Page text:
More calls made to SCDF last year, but fewer were fire-related

Singapore Civil Defence Force personnel in a Red Rhino at Sentosa’s first fire station, on Sept 7, 2016.
Singapore Civil Defence Force personnel in a Red Rhino at Sentosa’s first fire station, on Sept 7, 2016. PHOTO: ST FILE

SINGAPORE - The number of Emergency Medical Services (EMS) calls increased last year but fire-related calls dipped to a 38-year low.

The Singapore Civil Defence Force (SCDF) responded to 178,154 EMS calls in 2016, about 7.4 per cent more than the 165,853 calls the previous year, said the agency in a press conference on Friday (Feb 17) to announce last year's fire, ambulance and enforcement statistics.

This worked out to more than 480 calls a day, and the number of 995 calls involving those aged 65 and above remained the highest among all age categories (39.4 per cent) last year.

Despite the high volume of calls, SCDF responded to 87.1 per cent of these cases within 11 minutes in 2016 - an improvement from 84.9 per cent in 2015.

This was partly attributed to the addition of five private emergency ambulances to their existing fleet of 55.


In 2016, there were 159,356 emergency calls - 75.3 per cent were medical-related such as chest pain and cardiac arrest, 17.9 per cent were trauma cases like industrial accidents and assaults, and the remaining 6.8 per cent were related to road traffic accidents.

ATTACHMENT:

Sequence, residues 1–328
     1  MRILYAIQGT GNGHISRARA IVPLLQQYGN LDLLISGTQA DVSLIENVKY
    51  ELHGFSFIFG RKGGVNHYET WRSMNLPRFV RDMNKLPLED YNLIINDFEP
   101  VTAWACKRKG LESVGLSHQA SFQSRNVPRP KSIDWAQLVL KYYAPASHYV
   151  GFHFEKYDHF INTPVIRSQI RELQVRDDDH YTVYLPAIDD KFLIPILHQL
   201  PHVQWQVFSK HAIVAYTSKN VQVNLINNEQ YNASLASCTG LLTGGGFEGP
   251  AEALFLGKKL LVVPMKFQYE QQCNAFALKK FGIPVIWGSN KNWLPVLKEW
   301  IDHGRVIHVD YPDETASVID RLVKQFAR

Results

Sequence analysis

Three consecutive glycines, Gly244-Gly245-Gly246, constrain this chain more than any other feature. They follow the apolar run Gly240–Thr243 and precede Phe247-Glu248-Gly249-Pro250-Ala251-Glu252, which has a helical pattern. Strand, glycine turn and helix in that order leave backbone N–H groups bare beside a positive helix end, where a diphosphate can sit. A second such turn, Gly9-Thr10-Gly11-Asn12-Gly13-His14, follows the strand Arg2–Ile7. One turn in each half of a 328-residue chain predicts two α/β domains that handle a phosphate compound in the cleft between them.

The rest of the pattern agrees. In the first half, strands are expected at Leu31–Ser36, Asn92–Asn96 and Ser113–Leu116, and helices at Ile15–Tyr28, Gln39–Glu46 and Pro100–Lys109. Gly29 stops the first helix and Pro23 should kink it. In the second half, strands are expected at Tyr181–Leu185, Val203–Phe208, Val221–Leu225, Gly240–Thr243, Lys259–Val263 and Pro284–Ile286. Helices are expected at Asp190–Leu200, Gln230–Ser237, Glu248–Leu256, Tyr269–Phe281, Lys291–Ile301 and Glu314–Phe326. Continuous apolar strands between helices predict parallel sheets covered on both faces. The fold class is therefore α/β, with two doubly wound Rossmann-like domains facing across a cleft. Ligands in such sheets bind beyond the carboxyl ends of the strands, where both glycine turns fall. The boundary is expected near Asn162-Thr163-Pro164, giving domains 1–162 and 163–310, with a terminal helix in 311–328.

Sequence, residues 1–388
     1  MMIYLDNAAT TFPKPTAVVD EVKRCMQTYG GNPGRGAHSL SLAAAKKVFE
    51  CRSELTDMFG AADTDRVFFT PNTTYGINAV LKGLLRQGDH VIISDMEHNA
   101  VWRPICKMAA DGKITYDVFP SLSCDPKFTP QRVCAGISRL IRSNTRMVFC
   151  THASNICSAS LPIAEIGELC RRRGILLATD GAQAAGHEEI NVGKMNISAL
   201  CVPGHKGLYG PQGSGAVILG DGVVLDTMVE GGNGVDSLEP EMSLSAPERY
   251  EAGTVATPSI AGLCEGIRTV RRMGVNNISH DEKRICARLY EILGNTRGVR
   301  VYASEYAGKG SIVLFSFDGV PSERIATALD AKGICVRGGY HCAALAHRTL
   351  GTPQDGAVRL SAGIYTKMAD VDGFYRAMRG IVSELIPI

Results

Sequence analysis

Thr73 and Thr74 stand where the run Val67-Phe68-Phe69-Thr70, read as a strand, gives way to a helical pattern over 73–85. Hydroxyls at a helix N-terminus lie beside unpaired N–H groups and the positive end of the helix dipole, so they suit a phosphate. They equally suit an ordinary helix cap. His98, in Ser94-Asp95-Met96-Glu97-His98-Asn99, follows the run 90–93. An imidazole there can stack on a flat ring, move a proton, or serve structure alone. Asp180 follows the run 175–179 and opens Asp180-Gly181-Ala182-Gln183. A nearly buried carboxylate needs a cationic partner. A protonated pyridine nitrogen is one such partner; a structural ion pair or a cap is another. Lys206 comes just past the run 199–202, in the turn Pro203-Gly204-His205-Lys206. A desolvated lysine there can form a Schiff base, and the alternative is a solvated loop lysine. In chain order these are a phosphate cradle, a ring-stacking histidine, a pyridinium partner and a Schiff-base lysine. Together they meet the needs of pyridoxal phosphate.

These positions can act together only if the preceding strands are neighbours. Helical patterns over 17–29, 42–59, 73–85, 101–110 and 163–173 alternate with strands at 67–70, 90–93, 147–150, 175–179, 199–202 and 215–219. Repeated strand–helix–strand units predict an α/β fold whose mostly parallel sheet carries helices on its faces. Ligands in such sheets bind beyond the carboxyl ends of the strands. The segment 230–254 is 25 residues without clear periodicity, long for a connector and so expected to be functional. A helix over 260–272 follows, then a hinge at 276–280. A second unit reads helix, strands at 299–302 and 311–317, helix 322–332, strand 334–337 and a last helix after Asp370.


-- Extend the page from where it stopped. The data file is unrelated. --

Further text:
Non-emergency calls and false alarms made up 10.6 per cent of all the '995' calls.

Of the total number of EMS calls, 4,114 were fire-related - the lowest number of such calls since 1978. Last year's figures saw a dip of 10.6 per cent as compared to 4,604 fire-related calls in 2015.


Rubbish chute and bin fires decreased by 6.6 per cent between 2015 and 2016, but continued to make up the bulk of fires at residential premises with 1,444 cases.

There were 430 cases of fires started by unattended cooking and 345 cases of fires involving discarded items.

The SCDF also noticed an increasing trend in the number of fires caused by batteries of electrical bicycles, personal mobility devices and power banks and cautioned against faulty electrical circuitry and the overcharging of batteries which could spark a fire.

Close-up view of the burnt e-bicycle battery. PHOTO: SINGAPORE CIVIL DEFENCE FORCE

Last year, there were 62 fire injuries - involving smoke inhalation and burns - a decrease of 44.1 per cent from 111 in 2015. There was also one fire fatality compared to seven fatalities in 2015.

Fire and smoke damage sustained in the living room. PHOTO: SINGAPORE CIVIL DEFENCE FORCE